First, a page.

Is Your Mutual Fund or 401(k) Plan Draining Your Potential Retirement Savings?

If you think your bank balance looks paltry, you are not alone.

Most of us were brought up on the myths of our parents’ generation—that one day, we would retire from work, maybe in our 50s or 60s, and we would live out our golden years behind a white picket fence with all the comforts we had worked to build of our working lives.  

The truth however is quite stark.  The Economic Policy Institute reports that the majority of families in America have little or no retirement savings.

Just how bad is the situation?  Almost half of all American families have literally zero retirement account savings (this does not count money in the form of basic savings or other assets).  Families in their mid-30s had just $480 saved on average, and families approaching retirement had only $17,000 on average.

This means that we are on the verge of a looming retirement crisis.  Even though we do not hear about this very often on a day-to-day basis, the threat is very real, and will impact multiple generations.  Many Americans will never have a chance to retire.  They will work until the end of their lives, or will end up relying on public assistance or charity to survive.

While a number of factors have played into this crisis, one of the main ones involves 401(k) plans.  Several decades ago, nearly half of employees were on traditional employer-sponsored pension plans.  Companies assumed the risks associated with these plans.  All employees had to do was focus on their jobs, and their retirement savings were taken care of.

But then a change took place.  The shift was subtle at first, quiet.  The average American lifespan was extending as a result of medical advancement.  Companies realized that pension plans were becoming expensive to finance.  So they began to withdraw the plans, pointing people in the direction of alternative investments like 401(k) plans and mutual funds.

In some respects, this move did open doors.  Not everyone could qualify for a pension plan, even back in the 70s, and now those people had options for retirement savings.  401(k) plans also are more customizable than traditional pensions.

There were however problems with the new system—problems which continue to plague investors struggling to save for retirement to this day:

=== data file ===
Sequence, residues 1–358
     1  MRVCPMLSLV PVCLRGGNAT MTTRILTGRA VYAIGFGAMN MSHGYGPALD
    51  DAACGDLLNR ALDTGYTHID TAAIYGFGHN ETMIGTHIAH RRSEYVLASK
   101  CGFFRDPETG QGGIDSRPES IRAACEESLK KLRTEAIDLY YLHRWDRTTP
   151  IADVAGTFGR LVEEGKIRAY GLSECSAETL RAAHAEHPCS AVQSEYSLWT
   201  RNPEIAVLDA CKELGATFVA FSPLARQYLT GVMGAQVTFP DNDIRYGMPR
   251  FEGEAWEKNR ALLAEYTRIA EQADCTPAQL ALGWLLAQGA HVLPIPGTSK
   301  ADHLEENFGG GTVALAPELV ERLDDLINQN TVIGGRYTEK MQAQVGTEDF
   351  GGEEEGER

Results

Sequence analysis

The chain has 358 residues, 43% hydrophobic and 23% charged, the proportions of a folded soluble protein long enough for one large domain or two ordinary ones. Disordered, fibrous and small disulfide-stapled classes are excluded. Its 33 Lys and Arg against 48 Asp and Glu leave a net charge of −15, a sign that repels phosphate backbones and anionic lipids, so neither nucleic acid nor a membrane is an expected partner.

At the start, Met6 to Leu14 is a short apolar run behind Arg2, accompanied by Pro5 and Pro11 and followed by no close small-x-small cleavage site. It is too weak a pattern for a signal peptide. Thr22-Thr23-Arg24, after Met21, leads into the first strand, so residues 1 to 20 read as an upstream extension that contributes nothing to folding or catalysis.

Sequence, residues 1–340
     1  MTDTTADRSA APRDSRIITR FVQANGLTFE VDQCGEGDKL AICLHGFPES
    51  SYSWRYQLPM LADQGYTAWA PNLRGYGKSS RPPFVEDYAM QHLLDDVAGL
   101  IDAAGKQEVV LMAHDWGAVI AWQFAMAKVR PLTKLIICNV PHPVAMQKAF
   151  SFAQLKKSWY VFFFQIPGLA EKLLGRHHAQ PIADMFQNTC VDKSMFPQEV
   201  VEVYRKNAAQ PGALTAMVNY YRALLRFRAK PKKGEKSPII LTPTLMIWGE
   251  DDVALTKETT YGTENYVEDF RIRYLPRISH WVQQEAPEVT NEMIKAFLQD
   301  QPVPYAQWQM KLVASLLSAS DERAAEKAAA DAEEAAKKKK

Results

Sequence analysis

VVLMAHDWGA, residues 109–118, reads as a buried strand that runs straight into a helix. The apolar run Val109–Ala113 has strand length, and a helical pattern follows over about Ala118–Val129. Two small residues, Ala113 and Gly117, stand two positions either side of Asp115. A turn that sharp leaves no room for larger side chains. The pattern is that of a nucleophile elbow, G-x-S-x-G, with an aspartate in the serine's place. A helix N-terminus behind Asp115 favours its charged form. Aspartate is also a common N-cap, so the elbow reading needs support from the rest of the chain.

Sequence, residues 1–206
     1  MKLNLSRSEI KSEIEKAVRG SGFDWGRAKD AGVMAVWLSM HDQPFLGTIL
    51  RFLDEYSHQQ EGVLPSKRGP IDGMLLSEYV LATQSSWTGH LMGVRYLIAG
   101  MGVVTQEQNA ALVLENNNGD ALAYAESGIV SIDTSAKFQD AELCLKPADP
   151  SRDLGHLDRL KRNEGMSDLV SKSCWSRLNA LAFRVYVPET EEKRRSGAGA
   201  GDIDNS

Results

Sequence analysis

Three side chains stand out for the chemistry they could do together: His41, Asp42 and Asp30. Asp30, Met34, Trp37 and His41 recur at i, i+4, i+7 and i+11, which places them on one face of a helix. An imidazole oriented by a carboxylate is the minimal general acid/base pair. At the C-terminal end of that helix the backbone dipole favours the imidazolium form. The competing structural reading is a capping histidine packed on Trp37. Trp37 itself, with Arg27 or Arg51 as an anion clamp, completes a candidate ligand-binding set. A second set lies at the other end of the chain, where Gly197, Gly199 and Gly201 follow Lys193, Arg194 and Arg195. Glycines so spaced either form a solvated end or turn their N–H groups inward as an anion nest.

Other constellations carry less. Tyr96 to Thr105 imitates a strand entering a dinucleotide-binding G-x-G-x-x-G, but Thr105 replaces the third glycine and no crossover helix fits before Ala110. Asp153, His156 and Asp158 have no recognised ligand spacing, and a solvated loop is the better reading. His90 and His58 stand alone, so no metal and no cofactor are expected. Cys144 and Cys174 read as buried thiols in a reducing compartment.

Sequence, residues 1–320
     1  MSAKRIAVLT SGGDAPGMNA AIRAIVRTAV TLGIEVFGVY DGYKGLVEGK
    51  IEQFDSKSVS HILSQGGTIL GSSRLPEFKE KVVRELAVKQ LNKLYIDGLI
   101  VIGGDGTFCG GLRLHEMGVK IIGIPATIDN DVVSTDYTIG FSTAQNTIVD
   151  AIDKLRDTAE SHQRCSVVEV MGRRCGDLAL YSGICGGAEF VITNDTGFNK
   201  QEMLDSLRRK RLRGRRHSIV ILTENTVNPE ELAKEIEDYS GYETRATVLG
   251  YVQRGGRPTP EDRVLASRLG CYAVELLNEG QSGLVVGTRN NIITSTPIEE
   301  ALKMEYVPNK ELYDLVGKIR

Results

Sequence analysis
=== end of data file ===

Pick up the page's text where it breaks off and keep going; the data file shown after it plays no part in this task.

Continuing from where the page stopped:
•         Both 401(k) plans and mutual funds may have excessive fees.  Those fees can really stack up over the years.  It is not uncommon to pay tens of thousands of dollars worth of fees.  Think how many years of work that could add up to, all down a drain.
  •         The cost of a plan may compound as the amount of money in the account grows.
  •         401(k) plans require an employee contribution.  A lot of employees simply opt out of this.  This is understandable, considering a lot of people literally cannot afford to set aside any money each month, much less risk it on an investment.
  •         The market crash in 2007 also crashed a lot of retirement accounts.  Many people were wiped out completely.

Two more aspects of this situation are noteworthy.  The first is that 401(k) plans are referred to by the Economic Policy Institute as an “accident of history.”  Basically, a benefit consultant back in 1980 who was in charge of improving a cash bonus plan offered by a bank came up with the concept of employee contributions with employer matches.  Two years prior, a new tax code provision had passed concerning deferred compensation.

401(k) plans were an immediate (seeming) success.  The thing is, they were never intended by the government to replace pension plans.  Nonetheless, that is exactly what has happened.  They have taken the place of pension plans—but have never delivered the same benefits.

The second thing to note is that a lot of working families do not understand the risks and fees associated with retirement accounts—and many unsavory institutions have capitalized on that ignorance.  By making the fees and fine print nearly impossible to understand, they have managed to swindle Americans out of vast sums of money—and the security that money was supposed to provide in old age.

So what can hard-working Americans do to try and prepare for retirement without the safety net of traditional pension plans?  For starters, those who are opening retirement accounts need to be extra selective in choosing the best 401(k) plans.  They also need to plan ahead and do the math to figure out how much to put away each month (a 401(k) calculator can help with this).

Also important is to seek alternative avenues of investment, like stock or currency trading (entry barriers for retail trading have dropped significantly over the past few years).  It also does not hurt to maintain some basic savings.  Americans also should keep in mind that government policy will play an essential role in resolving (or worsening) the retirement crisis, and it is up to the American populace to vote and petition as needed to push policy in the direction of broadening and creating new safety nets.